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What is Kanner Syndrome?

February 8, 2024

When I was a teenager, there was a young boy whose family attended the same church my family did. He had been diagnosed with autism spectrum disorder (ASD). He often exhibited what was viewed as “classic” autism symptoms, at least by 1990s standards. Today, that little boy is a grown man and many would refer to him as having Kanner’s syndrome.

What is Kanner Syndrome? https://www.autismparentingmagazine.com/know-more-about-kanner-syndrome/

Kanner’s syndrome is no longer an official diagnosis of autism spectrum disorder. However, it is still used as a designation by many. It can help parents understand where their children with autism may fall on the spectrum. It is essentially a “type” of autism and describes a section of the autism spectrum. 

That little boy was my first experience with autism in any form. My knowledge of autism before the diagnosis of both of my sons would be described as superficial at best. But, thanks to that little boy, and his diagnosis of Kanner’s syndrome, I had an understanding of ASD that helped shape my perceptions and improve my relationships with my children with autism as I advocate for them.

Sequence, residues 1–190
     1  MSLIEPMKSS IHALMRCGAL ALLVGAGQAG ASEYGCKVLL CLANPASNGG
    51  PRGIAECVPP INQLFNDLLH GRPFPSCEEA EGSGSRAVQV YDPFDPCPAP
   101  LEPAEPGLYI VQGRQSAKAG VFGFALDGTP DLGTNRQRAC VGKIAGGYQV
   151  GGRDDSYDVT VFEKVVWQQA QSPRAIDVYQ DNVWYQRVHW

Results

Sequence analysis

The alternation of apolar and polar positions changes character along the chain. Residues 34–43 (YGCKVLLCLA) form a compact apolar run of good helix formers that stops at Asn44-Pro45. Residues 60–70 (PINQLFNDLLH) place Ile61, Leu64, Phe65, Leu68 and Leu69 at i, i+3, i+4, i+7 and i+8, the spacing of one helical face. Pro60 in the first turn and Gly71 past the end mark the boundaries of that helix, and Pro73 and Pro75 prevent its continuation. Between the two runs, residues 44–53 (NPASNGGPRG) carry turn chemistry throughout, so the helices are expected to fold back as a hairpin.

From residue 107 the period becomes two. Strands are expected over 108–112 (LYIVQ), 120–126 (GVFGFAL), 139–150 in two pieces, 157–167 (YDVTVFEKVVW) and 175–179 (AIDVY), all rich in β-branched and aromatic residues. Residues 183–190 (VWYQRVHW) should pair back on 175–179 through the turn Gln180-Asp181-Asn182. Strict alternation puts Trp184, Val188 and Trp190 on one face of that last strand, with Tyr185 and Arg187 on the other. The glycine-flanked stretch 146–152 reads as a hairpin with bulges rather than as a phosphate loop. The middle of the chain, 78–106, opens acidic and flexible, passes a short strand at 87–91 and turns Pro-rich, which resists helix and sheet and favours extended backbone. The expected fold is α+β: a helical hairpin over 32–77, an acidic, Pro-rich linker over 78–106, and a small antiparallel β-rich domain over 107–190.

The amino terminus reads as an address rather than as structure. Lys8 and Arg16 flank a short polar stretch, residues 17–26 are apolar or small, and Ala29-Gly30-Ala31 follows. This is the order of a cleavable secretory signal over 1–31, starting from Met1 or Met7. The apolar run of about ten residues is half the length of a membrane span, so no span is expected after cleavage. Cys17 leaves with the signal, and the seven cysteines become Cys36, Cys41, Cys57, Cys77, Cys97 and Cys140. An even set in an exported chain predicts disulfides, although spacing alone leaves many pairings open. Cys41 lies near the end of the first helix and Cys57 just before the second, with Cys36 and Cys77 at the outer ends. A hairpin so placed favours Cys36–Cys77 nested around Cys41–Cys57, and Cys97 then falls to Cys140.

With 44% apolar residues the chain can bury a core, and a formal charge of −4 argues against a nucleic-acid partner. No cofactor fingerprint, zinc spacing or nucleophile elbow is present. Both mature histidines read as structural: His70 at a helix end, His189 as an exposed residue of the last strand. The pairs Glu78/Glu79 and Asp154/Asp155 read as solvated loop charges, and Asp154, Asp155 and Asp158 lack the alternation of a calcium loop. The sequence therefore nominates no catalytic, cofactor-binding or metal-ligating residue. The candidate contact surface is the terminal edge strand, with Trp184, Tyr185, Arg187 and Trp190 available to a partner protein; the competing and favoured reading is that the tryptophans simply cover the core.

What is Kanner Syndrome?

Today, many view Kanner’s syndrome as “Classic Autistic Disorder.” It’s named after Leo Kanner, a pioneer in autism research who first studied children with autism in the 1940s. Kanner’s syndrome includes a lack of communication skills, trouble understanding others, and sensitivity to sensory stimuli. Children with autism often prefer routine more than non-autistic children and usually don’t like interacting with the world around them.

While my younger son, Joey, does not have an official Kanner’s syndrome diagnosis, many of these symptoms describe where he falls on the autism spectrum. He is very sensitive to sound, even demonstrating a fear of public restrooms due to how the echoes and reverberations affect him. He often plays alone rather than with or alongside others. However, he has shown a hyposensitivity to other sensory cues, especially light, taste, and touch.